The poverty of Soviet personnel had also an unexpected humanizing effect on relations with the local population, an example being the mentioned ‘mamasza, dawaj kuszat’. It was no different from the longue durée perspective, if I may use this Annales school expression. Nechama Ariel, from the area of Włodzimierz, remembered the political commissar and the party organization secretary who were living near her parents. Nechama’s father was a shopkeeper and Zionist activist before the war and was arrested just after the Soviets entered. He was released in return for a bribe, and despite being a ‘class enemy’, both of the Soviet functionaries stayed on neighbourly terms with them. The Ariels still had provisions from before the war that they had stashed away and, from time to time, they would give their Soviet neighbours, who were finding things very difficult, something to eat.
This was, incidentally, a characteristic that distinguished, in human terms, the Soviet occupation from the German one. Those arriving from the USSR and the local population peered at each other with great surprise – here was an army with its rifles on strings and footwraps instead of boots, while on the other hand the Soviets were dazzled by the prosperity, such as they had never seen before, both in shop displays and in the clothes worn by people on the streets of the larger towns. But very soon, the conviction that two different worlds had chanced on one another gave way to a sense of mutual human affinity and, perhaps, also, of a shared fate.
The Karta Centre’s archives hold a superbly written memoir by Zdzisław Zieliński of Lwów, who went to school with the children of Soviet officials and officers and befriended many of them. I have not come across any account of relations like this in the extensive diarist literature produced under the German occupation. A similar tone may also be found in the reminiscences of adults, for example, in the diaries of Stanisław Ossowski (1897–1963): ‘Perhaps never before in my life have I had so many discussions on ethical issues as I am having now’ (note dated 21 July 1940). Ossowski was working at the Ossolineum Library in Lwów and talking a lot not only with acquaintances from Poland, but also with arrivals from Russia: ‘A conversation with [Helena] Usijewiczowa [1893–1968] at the home of Julian [Przyboś; 1901–1970] and his wife’ (28 May 1940); ‘black coffee with Comrade Radłowa and her husband. Discussion about Shakespeare. After the guests from Leningrad left …’ (7 July 1940); or a social evening at which one of the guests is a certain Zełenka, the Soviet head of the Ossolineum (3 May 1941). A very big prize for anyone who can find an entry, in a Polish intellectual’s diary written under the German occupation, of the type: ‘after the guests from Berlin had left …’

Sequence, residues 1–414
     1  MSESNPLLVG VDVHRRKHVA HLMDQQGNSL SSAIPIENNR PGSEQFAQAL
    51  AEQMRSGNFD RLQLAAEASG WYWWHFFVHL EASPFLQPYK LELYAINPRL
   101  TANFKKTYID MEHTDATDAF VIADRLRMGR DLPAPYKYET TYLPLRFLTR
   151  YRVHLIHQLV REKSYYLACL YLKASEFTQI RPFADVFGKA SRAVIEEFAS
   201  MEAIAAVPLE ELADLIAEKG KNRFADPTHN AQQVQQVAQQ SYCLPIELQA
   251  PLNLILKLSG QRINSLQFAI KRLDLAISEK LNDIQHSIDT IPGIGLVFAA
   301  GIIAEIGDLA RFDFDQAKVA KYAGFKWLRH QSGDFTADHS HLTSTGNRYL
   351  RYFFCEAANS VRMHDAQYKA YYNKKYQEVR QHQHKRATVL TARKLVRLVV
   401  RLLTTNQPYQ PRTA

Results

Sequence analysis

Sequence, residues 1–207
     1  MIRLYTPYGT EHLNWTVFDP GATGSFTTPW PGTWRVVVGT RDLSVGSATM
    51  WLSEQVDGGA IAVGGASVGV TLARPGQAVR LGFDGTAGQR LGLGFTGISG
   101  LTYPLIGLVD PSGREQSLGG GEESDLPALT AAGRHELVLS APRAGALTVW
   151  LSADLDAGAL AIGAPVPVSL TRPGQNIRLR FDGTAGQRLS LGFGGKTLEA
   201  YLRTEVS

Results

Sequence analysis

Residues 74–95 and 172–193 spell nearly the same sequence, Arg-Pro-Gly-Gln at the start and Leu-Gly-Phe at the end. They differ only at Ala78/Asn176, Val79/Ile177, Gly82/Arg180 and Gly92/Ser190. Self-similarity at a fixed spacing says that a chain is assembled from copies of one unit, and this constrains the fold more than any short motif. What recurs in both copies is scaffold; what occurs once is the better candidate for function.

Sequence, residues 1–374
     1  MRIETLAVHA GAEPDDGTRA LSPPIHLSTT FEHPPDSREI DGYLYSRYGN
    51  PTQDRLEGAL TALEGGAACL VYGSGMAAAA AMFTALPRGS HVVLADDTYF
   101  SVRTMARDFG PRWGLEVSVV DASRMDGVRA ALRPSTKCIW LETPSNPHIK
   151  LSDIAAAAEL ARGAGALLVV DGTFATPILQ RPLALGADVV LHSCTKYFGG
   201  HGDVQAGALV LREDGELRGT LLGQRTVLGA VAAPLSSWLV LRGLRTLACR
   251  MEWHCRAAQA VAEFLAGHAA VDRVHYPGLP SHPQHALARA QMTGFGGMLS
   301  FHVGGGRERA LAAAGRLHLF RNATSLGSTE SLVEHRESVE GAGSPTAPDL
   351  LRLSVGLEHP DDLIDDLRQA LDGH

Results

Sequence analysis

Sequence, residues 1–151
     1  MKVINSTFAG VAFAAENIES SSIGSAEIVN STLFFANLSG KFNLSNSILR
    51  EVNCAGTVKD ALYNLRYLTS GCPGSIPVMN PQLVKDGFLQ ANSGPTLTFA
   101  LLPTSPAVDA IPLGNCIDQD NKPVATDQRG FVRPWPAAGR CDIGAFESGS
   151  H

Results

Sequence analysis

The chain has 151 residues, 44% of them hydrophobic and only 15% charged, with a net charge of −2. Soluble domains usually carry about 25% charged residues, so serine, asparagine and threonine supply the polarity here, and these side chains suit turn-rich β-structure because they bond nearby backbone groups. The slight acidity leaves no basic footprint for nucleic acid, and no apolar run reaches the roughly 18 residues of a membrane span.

Of course, this was not the universal experience. But the author of the above entries – the most outstanding Polish sociologist of the 20th century practising the discipline in the humanist tradition – recorded the events he took part in and his observations while trying to understand the new society that was emerging before his eyes. He would no doubt have made a note if his experiences had been significantly different from that milieu’s norm and reality. And the Przybośes are here also in a similar situation, and we can infer that various other people too, whenever Ossowski describes scenes from everyday life.
 Fragment of Jan Tomasz Gross’s book (2019) for the series Opowieści kresowe, 1939–1941 (Borderland tales, 1939–1941). Kraków: Austeria.
 Named Western Ukraine and Western Belarus in Soviet nomenclature.
 I am thinking here not so much about the soldiers of the Red Army that entered Poland, but about the cadres of officials and party members who were sent from the USSR in its wake.
 O. Khlevniuk (2015) Stalin. Zhizn odnovo vozhda. Moscow: Izdatielstwo Act, 214, 219; S. Kotkin (2017) Stalin. Waiting for Hitler, 1929–1941, New York, NY: Penguin Press, 305, 603. See also speech by Nikita Khrushchev (1894–1971) at the 20th Congress of the Communist Party of the Soviet Union on the ‘cult of personality’ and the crimes of Joseph Stalin (1878–53).